Everybody has a story to tell, even a self-professed average Joe.
That was the lesson that Doug Lawrence of Galax, Virginia, learned last December, and he’s much more at peace because of it. Around Christmas, 66-year-old Lawrence was hospitalized at Novant Health Forsyth Medical Center with what he thought was pneumonia.
He came to learn from his medical team at the hospital that the pneumonia was in reality pulmonary fibrosis, or scarring of the lungs, a progressive disease that is terminal. The diagnosis sent Lawrence into a deep funk.
It was that day that Brooke Embler, a nurse taking care of Lawrence, asked him if he’d be interested in being interviewed by a volunteer and sharing his story. The interview would be recorded and then Lawrence could freely share it with his family.
Lawrence was skeptical at first. “I thought it was a dog-and-pony show designed to keep the volunteers busy,” he said. But he agreed to tell his story to a stranger.
Justus Harris, a volunteer at the hospital, interviewed Lawrence for over an hour. “Doug was very emotional. Between the bad news medically and the fact he couldn’t play Santa Claus this year, he was upset,” Harris said. “At the end of the interview though, I sensed he felt more at peace. We ended the discussion on a good note. He is a very jovial man.”
Lawrence said he was glad he opened up to Harris.
“He was quite the interviewer,” Lawrence said. “When all was said and done, I felt better about things. I realized I can be miserable or I can make the most of every day of my life, and I chose to go that way.”
Lawrence’s wife, Sherry, found a changed man when she visited the hospital that evening. He was much more optimistic. “He told me, ‘I told him things that were buried and deep,’” she recalled.
The storytelling project at Forsyth Medical Center came about as a result of a meeting between Scott Livengood, a hospital donor and former chief executive at Krispy Kreme, and Jeff Lindsay, executive vice president and chief operating officer at Novant Health.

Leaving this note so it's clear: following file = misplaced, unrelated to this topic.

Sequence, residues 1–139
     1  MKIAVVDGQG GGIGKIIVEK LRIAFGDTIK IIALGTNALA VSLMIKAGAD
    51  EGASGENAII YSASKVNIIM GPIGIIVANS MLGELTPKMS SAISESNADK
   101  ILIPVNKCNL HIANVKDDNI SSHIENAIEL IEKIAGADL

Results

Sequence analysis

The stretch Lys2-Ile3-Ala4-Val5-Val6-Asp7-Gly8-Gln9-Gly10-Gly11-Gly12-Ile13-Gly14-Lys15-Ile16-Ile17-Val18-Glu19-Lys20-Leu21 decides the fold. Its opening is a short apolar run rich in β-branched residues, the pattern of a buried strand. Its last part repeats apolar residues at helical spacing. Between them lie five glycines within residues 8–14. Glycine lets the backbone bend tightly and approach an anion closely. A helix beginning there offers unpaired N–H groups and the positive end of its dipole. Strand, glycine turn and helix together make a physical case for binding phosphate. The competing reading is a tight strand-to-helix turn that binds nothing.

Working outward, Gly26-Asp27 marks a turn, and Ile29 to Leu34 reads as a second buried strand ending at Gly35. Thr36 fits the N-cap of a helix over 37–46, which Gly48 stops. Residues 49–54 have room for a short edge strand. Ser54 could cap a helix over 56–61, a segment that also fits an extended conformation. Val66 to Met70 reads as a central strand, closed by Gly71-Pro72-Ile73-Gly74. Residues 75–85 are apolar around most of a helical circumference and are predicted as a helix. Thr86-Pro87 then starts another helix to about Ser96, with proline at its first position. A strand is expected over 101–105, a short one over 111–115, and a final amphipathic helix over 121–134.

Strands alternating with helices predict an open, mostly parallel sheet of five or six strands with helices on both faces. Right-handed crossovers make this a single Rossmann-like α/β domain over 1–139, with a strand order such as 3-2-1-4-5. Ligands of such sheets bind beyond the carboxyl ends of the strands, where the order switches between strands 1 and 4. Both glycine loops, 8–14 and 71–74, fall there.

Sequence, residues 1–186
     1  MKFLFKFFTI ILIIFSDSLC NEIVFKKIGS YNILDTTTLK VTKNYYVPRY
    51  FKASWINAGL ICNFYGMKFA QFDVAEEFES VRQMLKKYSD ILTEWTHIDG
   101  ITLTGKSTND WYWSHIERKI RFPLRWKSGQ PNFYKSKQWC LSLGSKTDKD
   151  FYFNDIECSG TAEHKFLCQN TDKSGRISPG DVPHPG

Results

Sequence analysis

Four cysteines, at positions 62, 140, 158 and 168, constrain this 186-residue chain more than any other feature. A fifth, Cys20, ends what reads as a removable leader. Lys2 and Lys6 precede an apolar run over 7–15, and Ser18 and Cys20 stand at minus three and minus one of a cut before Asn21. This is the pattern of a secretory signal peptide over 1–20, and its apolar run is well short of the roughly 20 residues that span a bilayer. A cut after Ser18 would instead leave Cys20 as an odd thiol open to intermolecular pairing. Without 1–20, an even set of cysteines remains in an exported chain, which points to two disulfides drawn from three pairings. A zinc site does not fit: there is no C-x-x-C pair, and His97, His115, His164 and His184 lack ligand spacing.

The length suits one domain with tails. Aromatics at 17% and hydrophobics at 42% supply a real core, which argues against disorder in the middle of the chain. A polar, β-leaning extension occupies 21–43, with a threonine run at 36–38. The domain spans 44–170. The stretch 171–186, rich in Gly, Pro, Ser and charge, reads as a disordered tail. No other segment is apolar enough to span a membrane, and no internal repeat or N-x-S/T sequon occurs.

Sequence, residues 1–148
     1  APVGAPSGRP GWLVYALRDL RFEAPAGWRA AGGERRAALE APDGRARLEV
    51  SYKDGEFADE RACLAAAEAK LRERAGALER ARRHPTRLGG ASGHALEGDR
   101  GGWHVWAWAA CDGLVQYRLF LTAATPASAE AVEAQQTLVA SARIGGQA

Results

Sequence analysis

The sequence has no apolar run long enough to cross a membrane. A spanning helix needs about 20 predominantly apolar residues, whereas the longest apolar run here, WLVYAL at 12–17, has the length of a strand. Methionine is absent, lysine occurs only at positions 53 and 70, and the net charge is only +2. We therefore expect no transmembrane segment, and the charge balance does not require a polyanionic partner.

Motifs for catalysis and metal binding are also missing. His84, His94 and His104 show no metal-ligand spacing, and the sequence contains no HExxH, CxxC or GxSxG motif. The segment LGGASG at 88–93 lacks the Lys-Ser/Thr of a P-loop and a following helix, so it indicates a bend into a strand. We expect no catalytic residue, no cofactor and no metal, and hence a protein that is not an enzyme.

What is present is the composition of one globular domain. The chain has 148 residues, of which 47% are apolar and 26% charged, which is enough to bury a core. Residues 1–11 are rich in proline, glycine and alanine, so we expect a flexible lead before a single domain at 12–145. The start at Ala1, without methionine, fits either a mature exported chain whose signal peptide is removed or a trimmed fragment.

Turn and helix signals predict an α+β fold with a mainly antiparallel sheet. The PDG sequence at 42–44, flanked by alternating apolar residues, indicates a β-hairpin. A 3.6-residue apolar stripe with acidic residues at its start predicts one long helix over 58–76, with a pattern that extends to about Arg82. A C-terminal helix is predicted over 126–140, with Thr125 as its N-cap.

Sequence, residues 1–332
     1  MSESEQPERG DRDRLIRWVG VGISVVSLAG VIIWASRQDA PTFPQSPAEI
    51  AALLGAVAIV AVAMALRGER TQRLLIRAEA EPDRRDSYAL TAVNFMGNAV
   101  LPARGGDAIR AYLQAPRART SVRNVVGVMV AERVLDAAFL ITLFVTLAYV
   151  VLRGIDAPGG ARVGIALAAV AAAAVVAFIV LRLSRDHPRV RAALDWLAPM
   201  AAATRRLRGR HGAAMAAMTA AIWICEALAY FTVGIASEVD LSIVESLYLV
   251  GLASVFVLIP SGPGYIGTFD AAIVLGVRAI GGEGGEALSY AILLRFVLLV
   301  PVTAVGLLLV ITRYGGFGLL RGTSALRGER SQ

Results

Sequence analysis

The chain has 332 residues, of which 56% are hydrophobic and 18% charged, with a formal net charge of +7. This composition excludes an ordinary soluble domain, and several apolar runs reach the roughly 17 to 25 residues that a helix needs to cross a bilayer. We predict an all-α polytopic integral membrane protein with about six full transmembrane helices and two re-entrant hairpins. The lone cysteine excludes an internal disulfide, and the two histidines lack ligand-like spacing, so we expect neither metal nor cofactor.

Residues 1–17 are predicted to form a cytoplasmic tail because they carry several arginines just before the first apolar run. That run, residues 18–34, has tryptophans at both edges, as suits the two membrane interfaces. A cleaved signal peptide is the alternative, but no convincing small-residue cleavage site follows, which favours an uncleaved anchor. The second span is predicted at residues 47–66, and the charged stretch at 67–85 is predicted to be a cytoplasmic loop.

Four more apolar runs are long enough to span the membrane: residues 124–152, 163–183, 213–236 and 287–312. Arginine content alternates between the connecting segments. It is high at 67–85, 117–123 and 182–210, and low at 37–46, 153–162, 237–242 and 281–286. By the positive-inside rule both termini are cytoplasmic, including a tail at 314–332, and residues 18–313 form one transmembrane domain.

Livengood has had a lifelong fascination with storytelling and served on the board of the International Storytelling Center, meeting the nation’s most talented storytellers.
“Story is a tool I have used in business from strategic planning to brand building to building culture,” he said.
Lindsay had a desire to bring the therapeutic benefit of the arts into the hospital, and both men wondered if there was a way to use the power of the story in the clinical setting.
Livengood approached Dr. Bruce Rybarczyk , a professor of psychology at Virginia Commonwealth University, about partnering on an oral narrative program for Forsyth Medical Center. Rybarczyck has done research showing that narrative interviews can help patients cope by allowing them to share positive parts of their personal stories.
The LifeStories project was first implemented at the hospital about a year ago. Volunteers receive two afternoons of training on how to interview people and ask open-ended questions. They’re not trained psychologists but good listeners, said Harris about being a volunteer interviewer.
Harris said it’s a powerful feeling to see people in distress change their outlook through the therapeutic power of storytelling. He added he believes the experience is very valuable to the volunteers as well.
“Telling a story and getting it out of your system is as powerful as any medication,” Lawrence said of the benefit derived from his interview. “It’s become easier to deal with my situation. There are differences between medical science, prayers and getting to tell your story.”
Lawrence plans on giving his recorded interview to his wife of 41 years and letting her experience it on her own.
Discussions are underway to expand the LifeStories program system-wide at Novant Health.